When you deploy you use a Python utility: mssqlctl. To download mssqlctl, you need Python’s package management system pip installed. During installation you also need a Python HTTP library: Requests. If you do not have it you need to install it:

python -m pip install requests

This isn’t available to the general public quite yet, but when it is publicly available (or if you are part of the Early Access Program), the instructions are nice and clear.

Installing Kubernetes On-Prem

Anthony Nocentino shows us how to install Kubernetes on-prem:

Kubernetes is a distributed system, you will be creating a cluster which will have a master node that is in charge of all operations in your cluster. In this walkthrough we’ll create three workers which will run our applications. This cluster topology is, by no means, production ready. If you’re looking for production cluster builds check out Kubernetes documentation. Here and here. The primary components that need high availability in a Kubernetes cluster are the API Server which controls the state of the cluster and the etcddatabase which stores the persistent state of the cluster. You can learn more about Kubernetes cluster components here.

In our demonstration here, the master is where the API Server, etcd, and the other control plan functions will live. The workers, will be joined to the cluster and run our application workloads.

This is an area I need to focus on, given my almost total lack of knowledge in the world of container orchestration.

The Basics Of Kubernetes

Chris Adkin gives us a rundown on Kubernetes:

With the announcement of SQL Server 2019 big data clusters at Ignite, Kubernetes (often abbreviated to K8s) now stands front and center as part of Microsoft’s data platform vision. The obvious inference being that this is something that the Microsoft data platform community is going to show an increased interest in. The post aims to provide some context around:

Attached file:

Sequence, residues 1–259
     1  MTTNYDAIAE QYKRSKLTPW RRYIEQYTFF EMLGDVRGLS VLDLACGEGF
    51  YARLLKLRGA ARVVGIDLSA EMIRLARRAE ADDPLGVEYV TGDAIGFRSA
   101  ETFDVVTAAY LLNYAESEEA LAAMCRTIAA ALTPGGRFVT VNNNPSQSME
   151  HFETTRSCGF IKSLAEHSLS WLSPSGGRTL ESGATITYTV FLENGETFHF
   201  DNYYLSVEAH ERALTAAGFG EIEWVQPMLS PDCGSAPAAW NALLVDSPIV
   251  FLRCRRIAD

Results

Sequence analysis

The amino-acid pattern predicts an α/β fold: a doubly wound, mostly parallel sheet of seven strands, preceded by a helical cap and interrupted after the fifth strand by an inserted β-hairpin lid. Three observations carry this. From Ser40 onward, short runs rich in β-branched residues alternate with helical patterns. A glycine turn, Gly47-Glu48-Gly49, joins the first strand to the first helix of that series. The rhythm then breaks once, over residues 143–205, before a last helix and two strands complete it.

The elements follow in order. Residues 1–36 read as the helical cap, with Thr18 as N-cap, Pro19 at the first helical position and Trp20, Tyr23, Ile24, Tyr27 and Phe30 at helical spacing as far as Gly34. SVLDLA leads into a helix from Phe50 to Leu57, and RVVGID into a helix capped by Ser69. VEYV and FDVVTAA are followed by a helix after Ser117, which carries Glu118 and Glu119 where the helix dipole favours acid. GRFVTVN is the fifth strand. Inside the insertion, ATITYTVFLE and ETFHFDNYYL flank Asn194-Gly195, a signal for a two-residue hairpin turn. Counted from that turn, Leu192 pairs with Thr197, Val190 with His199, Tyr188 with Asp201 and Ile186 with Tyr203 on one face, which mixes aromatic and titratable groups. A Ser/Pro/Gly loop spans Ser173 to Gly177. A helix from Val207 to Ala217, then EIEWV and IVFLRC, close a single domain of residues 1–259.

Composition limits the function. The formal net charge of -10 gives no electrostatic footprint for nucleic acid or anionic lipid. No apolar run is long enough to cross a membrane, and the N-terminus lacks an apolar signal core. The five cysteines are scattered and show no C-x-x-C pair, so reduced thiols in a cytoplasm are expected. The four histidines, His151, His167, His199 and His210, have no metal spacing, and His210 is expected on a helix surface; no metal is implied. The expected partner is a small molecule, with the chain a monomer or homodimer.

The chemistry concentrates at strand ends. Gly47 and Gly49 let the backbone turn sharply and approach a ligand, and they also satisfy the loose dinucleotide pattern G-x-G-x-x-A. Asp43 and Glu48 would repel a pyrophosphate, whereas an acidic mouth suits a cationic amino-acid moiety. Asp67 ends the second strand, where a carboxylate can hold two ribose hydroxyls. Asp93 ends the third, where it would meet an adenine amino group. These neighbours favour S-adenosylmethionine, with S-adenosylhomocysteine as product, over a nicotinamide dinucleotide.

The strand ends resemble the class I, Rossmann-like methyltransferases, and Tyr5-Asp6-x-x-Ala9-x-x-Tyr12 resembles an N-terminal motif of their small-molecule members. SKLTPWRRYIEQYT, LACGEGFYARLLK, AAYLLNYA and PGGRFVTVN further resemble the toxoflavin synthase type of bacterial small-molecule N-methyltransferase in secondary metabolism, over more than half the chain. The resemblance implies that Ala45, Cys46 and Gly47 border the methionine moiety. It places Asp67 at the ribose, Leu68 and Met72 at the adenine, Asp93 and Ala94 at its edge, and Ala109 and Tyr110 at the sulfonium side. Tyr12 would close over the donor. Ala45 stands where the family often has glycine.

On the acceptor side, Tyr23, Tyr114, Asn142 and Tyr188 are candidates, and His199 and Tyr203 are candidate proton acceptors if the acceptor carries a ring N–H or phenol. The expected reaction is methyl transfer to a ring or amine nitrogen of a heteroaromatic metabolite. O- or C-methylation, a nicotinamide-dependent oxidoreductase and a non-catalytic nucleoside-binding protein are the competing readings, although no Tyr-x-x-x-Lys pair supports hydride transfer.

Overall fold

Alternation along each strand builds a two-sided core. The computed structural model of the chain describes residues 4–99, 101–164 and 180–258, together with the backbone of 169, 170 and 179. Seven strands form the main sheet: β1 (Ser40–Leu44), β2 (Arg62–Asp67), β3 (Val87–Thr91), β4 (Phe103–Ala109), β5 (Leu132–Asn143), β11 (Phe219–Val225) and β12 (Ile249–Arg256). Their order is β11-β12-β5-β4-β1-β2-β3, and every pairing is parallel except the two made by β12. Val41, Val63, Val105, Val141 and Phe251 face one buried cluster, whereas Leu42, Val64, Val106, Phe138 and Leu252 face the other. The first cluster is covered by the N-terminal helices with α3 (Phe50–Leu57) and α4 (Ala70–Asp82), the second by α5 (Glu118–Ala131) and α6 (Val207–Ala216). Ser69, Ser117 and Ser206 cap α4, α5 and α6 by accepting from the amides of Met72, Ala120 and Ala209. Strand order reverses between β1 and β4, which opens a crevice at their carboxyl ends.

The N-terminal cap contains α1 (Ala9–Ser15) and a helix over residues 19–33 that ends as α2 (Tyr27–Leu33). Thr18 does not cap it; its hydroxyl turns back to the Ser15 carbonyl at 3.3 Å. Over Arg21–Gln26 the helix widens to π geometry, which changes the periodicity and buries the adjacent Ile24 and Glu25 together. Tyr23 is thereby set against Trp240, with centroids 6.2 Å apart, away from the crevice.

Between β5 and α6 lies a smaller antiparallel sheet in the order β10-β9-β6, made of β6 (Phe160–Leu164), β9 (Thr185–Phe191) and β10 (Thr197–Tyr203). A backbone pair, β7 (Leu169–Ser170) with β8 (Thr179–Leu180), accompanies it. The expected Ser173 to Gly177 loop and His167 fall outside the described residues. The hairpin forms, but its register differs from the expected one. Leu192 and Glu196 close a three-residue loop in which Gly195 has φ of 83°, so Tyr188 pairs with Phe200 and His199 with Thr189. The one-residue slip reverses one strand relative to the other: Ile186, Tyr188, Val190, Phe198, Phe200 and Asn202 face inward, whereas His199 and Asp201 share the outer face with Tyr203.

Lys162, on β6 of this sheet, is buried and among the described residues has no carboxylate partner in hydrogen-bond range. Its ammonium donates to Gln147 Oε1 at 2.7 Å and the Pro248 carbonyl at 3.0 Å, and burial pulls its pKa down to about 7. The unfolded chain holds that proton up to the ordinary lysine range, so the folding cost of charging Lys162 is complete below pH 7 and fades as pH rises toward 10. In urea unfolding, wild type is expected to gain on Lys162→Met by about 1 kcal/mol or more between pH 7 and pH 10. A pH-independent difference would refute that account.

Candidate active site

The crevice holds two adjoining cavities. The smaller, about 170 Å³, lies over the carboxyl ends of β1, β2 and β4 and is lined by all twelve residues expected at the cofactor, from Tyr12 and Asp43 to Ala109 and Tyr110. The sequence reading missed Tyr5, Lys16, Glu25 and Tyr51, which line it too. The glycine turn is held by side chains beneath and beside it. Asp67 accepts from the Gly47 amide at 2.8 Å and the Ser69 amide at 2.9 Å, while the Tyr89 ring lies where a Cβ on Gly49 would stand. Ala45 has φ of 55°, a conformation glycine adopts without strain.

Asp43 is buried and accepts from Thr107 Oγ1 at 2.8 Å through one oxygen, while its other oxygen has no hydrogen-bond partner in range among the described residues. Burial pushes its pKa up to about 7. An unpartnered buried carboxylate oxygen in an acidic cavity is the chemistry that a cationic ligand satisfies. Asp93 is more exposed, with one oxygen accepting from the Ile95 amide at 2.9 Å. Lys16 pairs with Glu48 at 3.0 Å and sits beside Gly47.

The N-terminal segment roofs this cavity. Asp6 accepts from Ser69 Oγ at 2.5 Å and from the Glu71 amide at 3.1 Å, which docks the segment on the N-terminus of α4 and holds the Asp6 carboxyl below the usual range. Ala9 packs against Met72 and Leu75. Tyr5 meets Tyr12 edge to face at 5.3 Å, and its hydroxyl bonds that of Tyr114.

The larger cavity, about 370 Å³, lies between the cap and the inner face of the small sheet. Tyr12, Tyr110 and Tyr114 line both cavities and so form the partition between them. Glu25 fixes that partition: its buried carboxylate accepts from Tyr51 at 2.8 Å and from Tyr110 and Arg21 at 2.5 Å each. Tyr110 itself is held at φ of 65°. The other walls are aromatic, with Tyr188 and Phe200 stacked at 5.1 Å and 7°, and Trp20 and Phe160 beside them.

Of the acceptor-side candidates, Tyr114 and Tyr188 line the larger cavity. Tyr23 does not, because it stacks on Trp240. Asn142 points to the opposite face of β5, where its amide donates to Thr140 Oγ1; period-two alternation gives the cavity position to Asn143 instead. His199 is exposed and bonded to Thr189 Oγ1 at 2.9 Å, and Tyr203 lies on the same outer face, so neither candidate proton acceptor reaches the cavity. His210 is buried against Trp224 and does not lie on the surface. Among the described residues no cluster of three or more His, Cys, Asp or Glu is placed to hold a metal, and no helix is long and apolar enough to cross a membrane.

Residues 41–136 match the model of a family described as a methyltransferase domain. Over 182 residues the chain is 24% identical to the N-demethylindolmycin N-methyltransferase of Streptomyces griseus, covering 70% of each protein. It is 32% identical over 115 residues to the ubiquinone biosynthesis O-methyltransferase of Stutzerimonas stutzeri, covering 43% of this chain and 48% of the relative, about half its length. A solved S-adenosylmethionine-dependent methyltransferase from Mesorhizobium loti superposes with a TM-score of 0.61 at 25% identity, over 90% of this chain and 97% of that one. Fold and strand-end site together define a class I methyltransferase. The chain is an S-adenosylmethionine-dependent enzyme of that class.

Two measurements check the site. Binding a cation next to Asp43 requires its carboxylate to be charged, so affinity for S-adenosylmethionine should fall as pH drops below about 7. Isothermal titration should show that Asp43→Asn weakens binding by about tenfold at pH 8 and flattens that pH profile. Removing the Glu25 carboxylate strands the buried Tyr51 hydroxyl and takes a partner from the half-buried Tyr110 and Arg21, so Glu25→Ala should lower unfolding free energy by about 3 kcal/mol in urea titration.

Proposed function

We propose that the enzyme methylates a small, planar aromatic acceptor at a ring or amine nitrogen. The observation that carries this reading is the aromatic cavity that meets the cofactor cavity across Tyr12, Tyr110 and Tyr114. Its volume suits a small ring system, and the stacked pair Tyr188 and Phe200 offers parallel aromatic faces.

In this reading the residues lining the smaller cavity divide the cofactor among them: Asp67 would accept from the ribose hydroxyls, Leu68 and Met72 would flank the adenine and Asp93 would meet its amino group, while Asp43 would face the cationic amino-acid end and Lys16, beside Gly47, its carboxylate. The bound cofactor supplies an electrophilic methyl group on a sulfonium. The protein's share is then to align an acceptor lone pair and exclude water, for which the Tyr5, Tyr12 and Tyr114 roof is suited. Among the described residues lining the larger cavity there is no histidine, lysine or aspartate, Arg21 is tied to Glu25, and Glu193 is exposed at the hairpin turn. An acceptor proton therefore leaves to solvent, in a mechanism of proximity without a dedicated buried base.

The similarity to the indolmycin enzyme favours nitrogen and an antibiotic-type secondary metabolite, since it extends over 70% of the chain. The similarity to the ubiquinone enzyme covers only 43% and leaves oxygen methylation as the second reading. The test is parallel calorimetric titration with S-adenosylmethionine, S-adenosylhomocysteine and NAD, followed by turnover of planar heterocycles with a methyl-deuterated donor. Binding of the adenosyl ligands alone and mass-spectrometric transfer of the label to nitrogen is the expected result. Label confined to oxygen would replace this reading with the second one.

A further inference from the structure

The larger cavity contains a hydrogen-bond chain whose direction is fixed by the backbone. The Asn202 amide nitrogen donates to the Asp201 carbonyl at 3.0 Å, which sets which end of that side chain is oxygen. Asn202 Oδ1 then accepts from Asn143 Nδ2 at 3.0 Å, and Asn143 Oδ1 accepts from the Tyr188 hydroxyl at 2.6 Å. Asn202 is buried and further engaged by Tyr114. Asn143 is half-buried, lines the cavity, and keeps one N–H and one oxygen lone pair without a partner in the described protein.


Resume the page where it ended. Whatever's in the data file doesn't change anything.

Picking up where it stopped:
• why container orchestration is required

  • how Kubernetes is architected

  • the basics of working with Kubernetes

  • and why embracing open source software should be approached in an eyes wide open manner

Kubernetes is another technology which is useful to learn and can be helpful down the line.

Useful Powershell Aliases For Docker

Elton Stoneman shares a few useful aliases in Powershell for managing Docker containers:

Docker PowerShell Alias #2 – drmf

Removes all containers, whether they’re running or not. Useful when you want to reset your running containers and get back to zero:

function Remove-AllContainers { docker container rm -f $(docker container ls -aq)
Set-Alias drmf Remove-AllContainers 

Use with caution

Elton shares several more at the link and also includes a link to a Github gist with them all.

Whither Running Kafka On Kubernetes

Gwen Shapira walks through some of the costs and benefits of using Kubernetes to host your Apache Kafka brokers:

First, if you are running most of your other applications and microservices on Kubernetes, it becomes the organizational path of least resistance. This is just like how organizations who standardized on VMs have found it very difficult to allocate physical machines with local disks for Kafka.

I see situations with larger organizations where deploying Kafka outside of Kubernetes causes significant organizational headache that involves many approvals. When this is the case, I usually say that this isn’t a good hill to die on. It is possible to run Kafka on Kubernetes, so just do it. You’ll get your environment allocated faster and will be able to use your time to do productive work rather than fight an organizational battle.
And if things go wrong, you’ll get much better service from your internal infrastructure teams, because you’ll be running in an environment that is familiar to them.

Read on for more benefits as well as a few drawbacks.


December 2018